At first glance, the Saudi Arabian desert region of AlUla might seem like an odd choice as a place to raise awareness of the climate crisis and promote green energy. This is the stated mission of Extreme E, the new all-action motorsport series which took to the desert sands of AlUla last weekend in an entertaining debut of SUV racing, featuring teams owned by Nico Rosberg and Lewis Hamilton, as well as drivers including Jenson Button and rising stars like Catie Munnings.
Extreme E aims to put on a show but it carries a promise to be more than just entertainment. Organisers have chosen five ‘extreme’ race locations around the world, from the Amazon rainforest to the Arctic ice, aiming not only to raise awareness of specific environmental problems like deforestation and melting ice caps, but to leave a legacy of sustainability in their wake. The race vows to be carbon negative by minimising its footprint and offsetting any unavoidable emissions.
So Saudi Arabia might seem like an unnatural host for the inaugural race – yet dig deeper and it soon makes sense. The country is determined to become a pioneer in the global energy revolution, diversifying its economy away from fossil fuels like oil towards renewables and tourism. The ‘Saudi Green Initiative’ aims to reduce the country’s emissions by generating half of its energy from renewables by 2030, while it also announced ambitious proposals to plant 10 billion trees across the Kingdom.
Many of these trees will be planted in the desert. Saudi Arabia is determined to confront grave environmental challenges head on, and to open its doors to tourism in a sustainable way that preserves its remarkable worlds both natural and historic, like AlUla’s UNESCO World Heritage site of Hegra, a rare archeological treasure trove in a picturesque setting.
And this is where Extreme E comes in, aiming to raise awareness of the degradation of fertile land in dry climates, known as desertification. AlUla has a breathtaking landscape which forms part of the longest continuous desert on Earth, but water is a scarce resource and the natural environment can be harsh. Such rare locations, showcased to the world by an extraordinary new motorsport, deserve careful preservation.
“The exciting thing for us is that the racers really seemed to love the course,” says chief management and marketing officer of the Royal Commission of AlUla, Phillip Jones. “It’s not anything like they’ve seen before, and I think that positions us nicely for similar races of this magnitude in the future and becoming a regular feature on the circuit, because we’ve shown what we can deliver against this amazing backdrop.”
As Rosberg told The Independent in AlUla: “The whole location, its been a great start for the championship. I’ve never been [here before] and that’s why I want to make sure I take some time to have a look AlUla. I’m proud to be here.” Ultimately AlUla wants to host more global events like this one, within a sustainable plan that makes visiting not a damaging process but an enriching one for the region, the landscape and in the battle against the broader climate crisis.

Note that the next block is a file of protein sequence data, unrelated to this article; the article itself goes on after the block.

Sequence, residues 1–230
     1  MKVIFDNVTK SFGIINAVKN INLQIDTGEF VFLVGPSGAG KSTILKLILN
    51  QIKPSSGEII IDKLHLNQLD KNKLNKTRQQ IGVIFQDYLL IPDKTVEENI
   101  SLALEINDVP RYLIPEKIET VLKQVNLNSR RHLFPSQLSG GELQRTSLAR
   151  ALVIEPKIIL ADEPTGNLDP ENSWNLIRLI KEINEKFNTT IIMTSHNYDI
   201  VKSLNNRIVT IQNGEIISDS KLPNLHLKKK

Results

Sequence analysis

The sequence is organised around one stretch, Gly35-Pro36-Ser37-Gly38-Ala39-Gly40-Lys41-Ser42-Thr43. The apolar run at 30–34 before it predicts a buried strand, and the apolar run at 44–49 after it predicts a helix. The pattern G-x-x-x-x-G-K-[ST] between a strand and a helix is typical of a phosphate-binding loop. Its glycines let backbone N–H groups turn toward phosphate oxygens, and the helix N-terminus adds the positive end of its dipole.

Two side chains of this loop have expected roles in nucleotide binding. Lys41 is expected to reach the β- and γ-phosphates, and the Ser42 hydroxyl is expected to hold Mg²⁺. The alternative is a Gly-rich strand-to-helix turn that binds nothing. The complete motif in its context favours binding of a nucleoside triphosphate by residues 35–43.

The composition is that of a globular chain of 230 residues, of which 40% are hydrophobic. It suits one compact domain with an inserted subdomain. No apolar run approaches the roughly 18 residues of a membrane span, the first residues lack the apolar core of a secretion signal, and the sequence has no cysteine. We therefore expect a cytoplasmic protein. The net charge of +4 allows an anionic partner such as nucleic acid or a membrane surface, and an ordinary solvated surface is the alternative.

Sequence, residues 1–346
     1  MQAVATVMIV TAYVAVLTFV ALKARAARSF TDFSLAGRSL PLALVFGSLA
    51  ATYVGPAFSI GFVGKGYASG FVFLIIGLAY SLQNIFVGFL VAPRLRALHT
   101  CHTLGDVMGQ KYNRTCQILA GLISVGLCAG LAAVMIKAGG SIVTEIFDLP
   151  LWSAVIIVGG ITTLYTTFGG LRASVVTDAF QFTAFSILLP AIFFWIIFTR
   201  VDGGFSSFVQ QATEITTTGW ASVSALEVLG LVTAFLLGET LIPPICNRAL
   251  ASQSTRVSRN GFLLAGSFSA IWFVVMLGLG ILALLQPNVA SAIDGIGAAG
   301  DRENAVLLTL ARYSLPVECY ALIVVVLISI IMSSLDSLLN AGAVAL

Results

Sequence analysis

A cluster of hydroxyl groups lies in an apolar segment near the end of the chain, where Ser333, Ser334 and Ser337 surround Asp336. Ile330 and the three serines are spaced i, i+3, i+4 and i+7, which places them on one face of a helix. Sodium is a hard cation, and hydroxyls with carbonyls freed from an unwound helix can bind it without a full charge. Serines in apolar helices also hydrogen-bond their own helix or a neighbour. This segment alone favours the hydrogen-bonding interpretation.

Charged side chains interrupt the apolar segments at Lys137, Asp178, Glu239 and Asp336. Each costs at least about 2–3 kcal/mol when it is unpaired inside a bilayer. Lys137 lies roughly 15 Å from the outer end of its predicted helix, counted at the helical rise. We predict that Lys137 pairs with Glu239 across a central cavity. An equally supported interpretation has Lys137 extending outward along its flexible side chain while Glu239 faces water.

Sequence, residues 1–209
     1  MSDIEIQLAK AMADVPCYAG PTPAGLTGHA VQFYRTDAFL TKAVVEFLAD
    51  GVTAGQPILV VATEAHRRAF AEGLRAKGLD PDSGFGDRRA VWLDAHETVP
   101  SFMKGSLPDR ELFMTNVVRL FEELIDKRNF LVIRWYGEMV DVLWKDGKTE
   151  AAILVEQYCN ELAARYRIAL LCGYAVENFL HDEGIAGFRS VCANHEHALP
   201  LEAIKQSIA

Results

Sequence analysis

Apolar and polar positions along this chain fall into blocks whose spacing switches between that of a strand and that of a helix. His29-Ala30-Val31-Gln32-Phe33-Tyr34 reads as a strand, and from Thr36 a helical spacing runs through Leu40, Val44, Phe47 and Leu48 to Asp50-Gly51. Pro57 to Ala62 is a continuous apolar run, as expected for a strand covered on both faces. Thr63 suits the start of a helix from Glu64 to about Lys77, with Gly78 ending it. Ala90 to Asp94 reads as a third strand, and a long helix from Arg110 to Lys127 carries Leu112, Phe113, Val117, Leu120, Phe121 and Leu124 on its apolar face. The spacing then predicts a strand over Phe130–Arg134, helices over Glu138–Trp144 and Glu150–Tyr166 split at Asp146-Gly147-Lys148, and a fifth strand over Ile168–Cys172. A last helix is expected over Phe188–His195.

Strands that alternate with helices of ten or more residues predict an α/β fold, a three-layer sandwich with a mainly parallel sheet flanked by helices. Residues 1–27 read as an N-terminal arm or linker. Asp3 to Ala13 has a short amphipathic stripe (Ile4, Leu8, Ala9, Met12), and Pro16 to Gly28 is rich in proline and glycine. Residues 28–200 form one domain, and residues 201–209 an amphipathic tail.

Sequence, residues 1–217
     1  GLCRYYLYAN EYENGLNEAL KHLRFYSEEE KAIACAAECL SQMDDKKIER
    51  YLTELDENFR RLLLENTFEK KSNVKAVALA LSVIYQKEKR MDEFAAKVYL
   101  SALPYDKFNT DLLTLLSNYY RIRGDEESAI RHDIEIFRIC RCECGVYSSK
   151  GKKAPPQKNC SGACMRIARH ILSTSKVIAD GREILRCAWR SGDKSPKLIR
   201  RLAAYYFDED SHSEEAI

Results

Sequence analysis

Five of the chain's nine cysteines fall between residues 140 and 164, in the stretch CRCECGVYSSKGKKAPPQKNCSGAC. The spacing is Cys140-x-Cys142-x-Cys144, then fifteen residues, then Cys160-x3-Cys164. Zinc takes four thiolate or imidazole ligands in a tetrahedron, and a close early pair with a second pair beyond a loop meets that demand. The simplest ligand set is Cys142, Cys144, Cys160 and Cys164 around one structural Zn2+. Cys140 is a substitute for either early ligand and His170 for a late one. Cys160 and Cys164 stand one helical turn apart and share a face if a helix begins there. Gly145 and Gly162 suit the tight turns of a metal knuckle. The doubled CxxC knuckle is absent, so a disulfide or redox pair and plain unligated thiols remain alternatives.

“As a leading global oil producer,” Crown Prince Mohammed bin Salman said last month, “we are fully aware of our share of responsibility in advancing the fight against the climate crisis and that, as our pioneering role in stabilising energy markets during the oil and gas era, we will act to lead the next green era.”
There are specific environmental challenges which the country faces from desertification to threatened coastal habitats along the Red Sea, which Extreme E’s legacy projects were determined to help. Race organisers acquired an ex-military vessel, the St Helena, for travel to race locations in order to minimise air-miles, but it also served another purpose, carrying a fully equipped laboratory and team of scientists to carry out conservation work.
One of Extreme E’s projects in Saudi Arabia was protecting the endangered Hawksbill Turtle, whose nesting sites are at threat from rising sea levels and coastal erosion. Teaming up with the conservation group Ba’a Foundation, volunteers including team drivers like Jamie Chadwick and owners like Rosberg took to a beach 50km up the coast from the city of Yanbu, where the Foundation is undertaking litter clearance, beach fencing and careful nest relocation.
The series also aims to promote the use of energy-efficient vehicles as it travels around the world. The cars which raced between AlUla’s giant sandstone rocks were fully electric, powered by revolutionary hydrogen fuel cells which output only water as a waste product, which was used elsewhere on site.
“Racing electric vehicles powered by 100 per cent clean energy in hot and dusty extreme desert environments is the sort of demonstration we need to accelerate the adoption of new climate friendly technologies,” said Professor Richard Washington, a member of Extreme E’s scientific committee. “Sport strives to break boundaries, to cross seemingly impossible thresholds, often in a team setting. That is also what we need to do to solve the climate problem. Extreme E is a convergence of these endeavours.”
So, far from being incongruous, AlUla is an ideal setting for Extreme E’s lift off – just as Extreme E fits neatly into Saudi Arabia’s 2030 vision to become a leader in the green new world.